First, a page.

“The Mopho, although monophonic, has the kind of oscillator quality that you'd expect from a Dave Smith instrument. It's featured on the last three (?) 65days records and been put through every combination of guitar FX pedals and amplifiers you can imagine.
“If you're after a nice clean/dirty sawtooth wave then it doesn't get much better. If you're after something more complex and specific then the user interface is pretty bad. If you don't care where you end up as long as it's some kind of weird noise then it's great.
“Overall, it's definitely nice to have around and better than software synths for basic waveform action. It's got a stupid name, though. ”
5. Modded Fuel Tank Power Supply
“There's compelling research in the world of psychoacoustics and acoustic science that not only do ears that belong to humans with socialist leanings hear with more clarity, wit and romance, but also that using electricity that is filtered through the politics of the radical left provides a more equal, emancipatory power that can allow for greater fidelity across a range of approaches to both composition and audio production.
“Having studied this research, our guitar tech Frank modded the T-Rex FuelTank Power Supply. The application of a 'FUCK OFF BACK TO ETON' decal boosted the socialist voltage content. The distribution model of how the power reaches the pedals was entirely revolutionised. To each pedal according to its needs.”
6. Amp Peacock
“Rescued by 65days from a Christmas display in a Las Vegas hotel during a particularly weird period in 65 history, the Amp Peacock now resides at 65HQ. With his previous training as a peacock whisperer, guitarist Joe is the only member of the band able to converse with this brave but melancholy bird.
“Sitting atop an Orange Something Or Other Guitar Amplifier, her stern attitude and the Vegas sadness visible in her eyes has had an unexpectedly useful effect on Joe's guitar tone, especially in the 2-3khz range. It adds a polish to the sound somewhat akin to an API 550 equaliser unit, with a touch of the kind of gleaming treble you'd expect from Vintage ‘30s speakers housed in a MATAMP cab. We keep the door carefully locked so the Amp Peacock cannot escape.”
7. RME Fireface 800s
“This utilitarian couple have been inseparable for almost a decade and, apart from a couple of dodgy FireWire connections and a mysterious ability to break and then mend their ADAT connections with impeccably bad timing, they have been the workhorses of both 65HQ and the 65 live rig.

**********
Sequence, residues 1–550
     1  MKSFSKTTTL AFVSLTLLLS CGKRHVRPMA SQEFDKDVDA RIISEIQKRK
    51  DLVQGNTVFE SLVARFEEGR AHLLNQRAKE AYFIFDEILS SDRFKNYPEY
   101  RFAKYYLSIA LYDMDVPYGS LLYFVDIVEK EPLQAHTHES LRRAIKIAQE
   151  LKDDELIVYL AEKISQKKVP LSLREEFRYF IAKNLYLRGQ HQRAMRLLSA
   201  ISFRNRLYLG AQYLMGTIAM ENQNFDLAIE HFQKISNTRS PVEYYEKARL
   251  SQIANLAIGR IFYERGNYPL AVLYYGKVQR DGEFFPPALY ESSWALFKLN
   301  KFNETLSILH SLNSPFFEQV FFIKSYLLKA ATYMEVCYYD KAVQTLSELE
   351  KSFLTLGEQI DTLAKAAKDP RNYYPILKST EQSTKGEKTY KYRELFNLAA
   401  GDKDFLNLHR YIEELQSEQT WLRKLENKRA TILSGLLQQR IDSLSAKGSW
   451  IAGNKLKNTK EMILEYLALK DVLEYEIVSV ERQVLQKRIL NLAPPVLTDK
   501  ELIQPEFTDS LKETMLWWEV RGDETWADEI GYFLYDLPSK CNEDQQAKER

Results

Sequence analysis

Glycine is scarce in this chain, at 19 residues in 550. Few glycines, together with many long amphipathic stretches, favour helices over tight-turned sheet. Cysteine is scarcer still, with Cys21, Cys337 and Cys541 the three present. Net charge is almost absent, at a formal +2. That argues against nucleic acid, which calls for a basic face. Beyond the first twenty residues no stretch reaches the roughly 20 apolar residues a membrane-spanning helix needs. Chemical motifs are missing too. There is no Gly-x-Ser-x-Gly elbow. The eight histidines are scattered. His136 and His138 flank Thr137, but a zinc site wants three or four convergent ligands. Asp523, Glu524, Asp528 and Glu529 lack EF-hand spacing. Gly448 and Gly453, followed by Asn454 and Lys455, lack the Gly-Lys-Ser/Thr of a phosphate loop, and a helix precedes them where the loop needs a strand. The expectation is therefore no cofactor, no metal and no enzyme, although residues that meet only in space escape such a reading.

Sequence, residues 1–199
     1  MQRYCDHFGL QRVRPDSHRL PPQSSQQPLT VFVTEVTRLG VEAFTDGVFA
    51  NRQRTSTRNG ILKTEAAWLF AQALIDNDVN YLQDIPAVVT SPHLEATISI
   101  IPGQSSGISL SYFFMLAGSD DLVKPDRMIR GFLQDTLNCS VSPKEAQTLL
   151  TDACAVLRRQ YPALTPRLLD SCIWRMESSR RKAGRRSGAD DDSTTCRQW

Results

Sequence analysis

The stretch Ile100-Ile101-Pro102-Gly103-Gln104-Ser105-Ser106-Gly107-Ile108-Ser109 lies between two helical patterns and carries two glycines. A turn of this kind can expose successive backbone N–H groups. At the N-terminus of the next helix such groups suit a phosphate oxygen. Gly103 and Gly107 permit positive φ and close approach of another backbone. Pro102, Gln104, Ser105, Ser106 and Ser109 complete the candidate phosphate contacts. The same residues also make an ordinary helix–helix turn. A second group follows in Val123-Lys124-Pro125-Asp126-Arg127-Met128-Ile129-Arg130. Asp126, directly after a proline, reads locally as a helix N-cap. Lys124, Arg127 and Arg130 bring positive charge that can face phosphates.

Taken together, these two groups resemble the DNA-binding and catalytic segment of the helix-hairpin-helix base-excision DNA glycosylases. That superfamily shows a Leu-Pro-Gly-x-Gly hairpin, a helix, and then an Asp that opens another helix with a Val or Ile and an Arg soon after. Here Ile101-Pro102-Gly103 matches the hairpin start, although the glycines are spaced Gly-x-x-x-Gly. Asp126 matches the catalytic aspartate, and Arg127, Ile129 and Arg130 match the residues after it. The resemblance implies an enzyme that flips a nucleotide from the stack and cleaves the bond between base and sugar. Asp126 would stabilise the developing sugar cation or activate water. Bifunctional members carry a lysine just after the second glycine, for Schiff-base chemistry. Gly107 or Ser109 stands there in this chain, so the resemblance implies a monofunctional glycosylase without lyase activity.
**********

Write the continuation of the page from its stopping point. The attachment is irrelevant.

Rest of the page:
“(In case it's not apparent, we are not successful enough to be able to have a permanent studio. We need most of our studio gear to be able to play live and so 65HQ, much like the Ise Grand Shrine, is regularly destroyed and rebuilt anew every time we tour. It's a good way to keep tradition in check, to be honest.)
“The RMEs are still going strong. In a studio setting they have OK preamps and A/D conversion. For live, each is connected to a separate laptop and about 14 channels of electronics are sent to front-of-house via these units.”
8. The Bjorklund Algorithm
“A while ago, an academic paper was published by a guy named Bjorklund in some technical journal about the mechanical minutiae of a neutron accelerator that involved a mathematical function whereby X number of pulses needed to be distributed across Y number of steps as evenly as possible. This research was picked up by another academic named Toussaint, who noticed that if you applied these ideas to musical rhythms, then you were suddenly describing already existing rhythms from across the world.
“For example, five pulses across 12 steps can be found in South African music; five pulses across 16 steps in Brazil; seven steps over eight pulses is the Tuareg rhythm of Libya; and on and on. The maths all goes back to Euclid, and what these Euclidean rhythms all have in common is that, given any sort values, they will produce the most rhythmical pattern possible.
“The live coding community jumped on this algorithm and has done all sorts of things with it. 65daysofstatic have used the algorithm in various Max patches and Unity projects to build generative drum machines and phrase generators, and as a general jumping off point for more ambitious attempts at wielding the power of maths and computers to make noise. This project continues.”